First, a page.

First, it's essential to explore how sourcing technology can help drive not only new negotiation models, but also new information discovery models. This may involve gathering as many price points as possible or it may involve understanding cost trade-offs (e.g., lead times, working capital, logistics, etc.) based on supplier capabilities and preferences. Regardless, it should signal a shift to using supplier information to get smarter about particular markets and commodities -- not just as simple inputs into an e-sourcing decision process.
The second tip I shared is the importance of learning to solicit, spot and explore the pricing and mispricing of different contract elements within an e-sourcing event. This is really the equivalent of sourcing "program trading" or an informed Blackjack betting strategy. In other words, if the mispricing of a risk or contract element occurs, you should pounce on it. As an example, this may involve exploring how suppliers' price different risk elements of a contract (e.g., the cost to hold pricing for 30 days vs. 90 days) and whether their pricing reflects a rational or incorrect understanding of the underlying supply market. Quite often, you may find yourself surprised at how suppliers will/will not react when asked to provide this type of information.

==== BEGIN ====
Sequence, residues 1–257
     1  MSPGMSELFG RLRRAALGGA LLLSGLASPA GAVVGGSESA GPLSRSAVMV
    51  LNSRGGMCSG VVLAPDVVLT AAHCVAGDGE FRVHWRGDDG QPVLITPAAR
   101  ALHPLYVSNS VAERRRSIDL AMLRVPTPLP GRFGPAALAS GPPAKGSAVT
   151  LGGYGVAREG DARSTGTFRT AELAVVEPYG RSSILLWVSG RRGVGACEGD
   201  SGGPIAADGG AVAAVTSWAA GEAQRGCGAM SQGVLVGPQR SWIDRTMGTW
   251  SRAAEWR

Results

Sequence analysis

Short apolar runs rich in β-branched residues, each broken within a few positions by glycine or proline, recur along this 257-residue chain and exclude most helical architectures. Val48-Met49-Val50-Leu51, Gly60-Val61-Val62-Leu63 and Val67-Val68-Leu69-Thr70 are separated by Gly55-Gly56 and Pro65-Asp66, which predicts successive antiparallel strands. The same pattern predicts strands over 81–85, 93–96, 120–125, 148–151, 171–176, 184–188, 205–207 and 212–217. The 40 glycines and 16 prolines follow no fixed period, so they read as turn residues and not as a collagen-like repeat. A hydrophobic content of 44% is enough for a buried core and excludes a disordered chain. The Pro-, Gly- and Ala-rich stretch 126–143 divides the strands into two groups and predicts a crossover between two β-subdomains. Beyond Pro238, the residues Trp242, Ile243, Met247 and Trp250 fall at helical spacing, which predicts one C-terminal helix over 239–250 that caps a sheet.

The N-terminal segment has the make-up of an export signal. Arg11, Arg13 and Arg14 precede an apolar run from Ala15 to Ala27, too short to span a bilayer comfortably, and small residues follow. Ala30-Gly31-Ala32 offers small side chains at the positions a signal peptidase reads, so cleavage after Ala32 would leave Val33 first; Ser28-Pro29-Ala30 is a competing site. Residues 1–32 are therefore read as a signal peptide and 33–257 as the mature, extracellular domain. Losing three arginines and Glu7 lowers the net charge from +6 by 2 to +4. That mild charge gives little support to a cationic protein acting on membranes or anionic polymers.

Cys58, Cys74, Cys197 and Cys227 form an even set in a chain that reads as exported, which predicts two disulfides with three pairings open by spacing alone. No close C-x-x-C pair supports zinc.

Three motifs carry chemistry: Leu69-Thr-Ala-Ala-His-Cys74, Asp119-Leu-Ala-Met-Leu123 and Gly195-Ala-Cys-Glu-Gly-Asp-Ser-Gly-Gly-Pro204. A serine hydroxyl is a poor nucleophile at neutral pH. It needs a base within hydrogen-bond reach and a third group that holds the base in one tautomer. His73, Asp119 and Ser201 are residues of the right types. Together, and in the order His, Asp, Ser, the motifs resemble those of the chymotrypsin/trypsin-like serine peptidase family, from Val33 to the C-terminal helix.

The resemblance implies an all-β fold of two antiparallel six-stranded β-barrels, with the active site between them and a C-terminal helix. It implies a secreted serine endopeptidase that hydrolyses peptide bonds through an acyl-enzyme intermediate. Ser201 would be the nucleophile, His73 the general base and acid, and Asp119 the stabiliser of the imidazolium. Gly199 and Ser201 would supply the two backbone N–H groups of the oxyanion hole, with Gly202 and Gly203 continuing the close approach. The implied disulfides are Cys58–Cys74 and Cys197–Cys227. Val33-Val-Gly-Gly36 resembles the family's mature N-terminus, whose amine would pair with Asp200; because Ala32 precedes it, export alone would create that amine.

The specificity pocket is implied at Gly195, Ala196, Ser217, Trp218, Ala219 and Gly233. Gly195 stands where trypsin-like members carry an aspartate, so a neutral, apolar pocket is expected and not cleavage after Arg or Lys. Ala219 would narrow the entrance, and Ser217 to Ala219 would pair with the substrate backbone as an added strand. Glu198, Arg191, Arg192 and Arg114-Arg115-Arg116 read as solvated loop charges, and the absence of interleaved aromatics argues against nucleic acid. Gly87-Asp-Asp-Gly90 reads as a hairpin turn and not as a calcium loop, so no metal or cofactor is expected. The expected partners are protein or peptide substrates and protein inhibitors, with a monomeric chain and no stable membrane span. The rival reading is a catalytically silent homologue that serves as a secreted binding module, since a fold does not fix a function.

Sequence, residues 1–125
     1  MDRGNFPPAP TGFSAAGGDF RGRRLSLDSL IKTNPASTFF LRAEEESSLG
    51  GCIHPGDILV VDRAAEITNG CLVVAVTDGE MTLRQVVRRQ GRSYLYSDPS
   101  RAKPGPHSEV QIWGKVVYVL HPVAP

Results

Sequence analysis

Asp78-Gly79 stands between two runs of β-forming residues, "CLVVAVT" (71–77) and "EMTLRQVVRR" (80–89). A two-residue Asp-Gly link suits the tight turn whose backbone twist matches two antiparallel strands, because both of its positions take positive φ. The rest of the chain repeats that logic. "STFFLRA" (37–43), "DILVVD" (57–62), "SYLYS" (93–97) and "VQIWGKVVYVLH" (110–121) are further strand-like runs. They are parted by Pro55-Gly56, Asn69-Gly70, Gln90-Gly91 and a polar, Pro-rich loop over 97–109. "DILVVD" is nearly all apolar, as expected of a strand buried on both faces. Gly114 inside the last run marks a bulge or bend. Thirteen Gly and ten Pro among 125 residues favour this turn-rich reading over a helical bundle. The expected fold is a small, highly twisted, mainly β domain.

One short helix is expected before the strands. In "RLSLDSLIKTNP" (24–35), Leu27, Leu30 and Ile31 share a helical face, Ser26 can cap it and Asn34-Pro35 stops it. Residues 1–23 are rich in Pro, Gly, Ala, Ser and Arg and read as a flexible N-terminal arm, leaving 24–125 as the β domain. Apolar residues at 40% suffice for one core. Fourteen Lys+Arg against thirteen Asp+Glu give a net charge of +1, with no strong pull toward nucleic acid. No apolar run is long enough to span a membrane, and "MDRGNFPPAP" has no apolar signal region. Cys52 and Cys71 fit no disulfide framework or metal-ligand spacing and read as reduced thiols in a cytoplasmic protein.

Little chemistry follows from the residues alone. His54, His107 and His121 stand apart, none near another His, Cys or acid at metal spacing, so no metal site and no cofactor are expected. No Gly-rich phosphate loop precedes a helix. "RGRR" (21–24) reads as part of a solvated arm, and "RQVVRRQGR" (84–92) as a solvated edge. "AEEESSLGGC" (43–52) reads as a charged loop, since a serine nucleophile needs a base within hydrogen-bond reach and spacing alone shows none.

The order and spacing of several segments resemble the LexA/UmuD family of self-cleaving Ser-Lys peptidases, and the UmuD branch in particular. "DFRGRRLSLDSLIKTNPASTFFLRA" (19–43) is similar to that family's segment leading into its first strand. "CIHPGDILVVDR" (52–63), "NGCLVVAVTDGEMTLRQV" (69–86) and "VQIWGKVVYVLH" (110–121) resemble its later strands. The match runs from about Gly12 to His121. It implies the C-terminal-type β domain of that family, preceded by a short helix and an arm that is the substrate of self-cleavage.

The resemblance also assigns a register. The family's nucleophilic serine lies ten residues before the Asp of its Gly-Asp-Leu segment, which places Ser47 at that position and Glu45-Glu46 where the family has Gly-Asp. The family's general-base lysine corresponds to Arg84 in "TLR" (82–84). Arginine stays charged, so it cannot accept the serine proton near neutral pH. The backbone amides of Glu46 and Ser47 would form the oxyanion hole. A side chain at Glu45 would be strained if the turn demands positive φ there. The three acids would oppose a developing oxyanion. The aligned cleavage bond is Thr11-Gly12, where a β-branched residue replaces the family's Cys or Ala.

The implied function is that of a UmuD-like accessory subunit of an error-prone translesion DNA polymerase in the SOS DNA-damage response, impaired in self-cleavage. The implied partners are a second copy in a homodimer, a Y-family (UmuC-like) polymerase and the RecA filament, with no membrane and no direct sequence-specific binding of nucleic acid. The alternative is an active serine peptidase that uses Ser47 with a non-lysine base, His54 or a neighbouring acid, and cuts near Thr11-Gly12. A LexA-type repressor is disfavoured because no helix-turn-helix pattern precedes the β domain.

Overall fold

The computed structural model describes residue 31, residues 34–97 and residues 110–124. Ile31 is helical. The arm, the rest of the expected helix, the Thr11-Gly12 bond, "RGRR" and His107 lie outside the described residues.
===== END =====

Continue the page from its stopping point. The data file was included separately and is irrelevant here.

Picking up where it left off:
The third tip worth noting when it comes to getting the most from e-sourcing tools in today's volatile markets is encouraging suppliers to get creative with alternative material specifications (e.g., different alloys, substitute materials). This should involve, if applicable, exploring both external and internal (e.g., re-tooling) cost impacts on a total cost basis as a result of what a supplier may come back with. And it can also help you and your team to understand the direct costs -- yes, there are almost always costs -- to reducing one's overall dependence and risk on a current sourcing or production strategy or approach.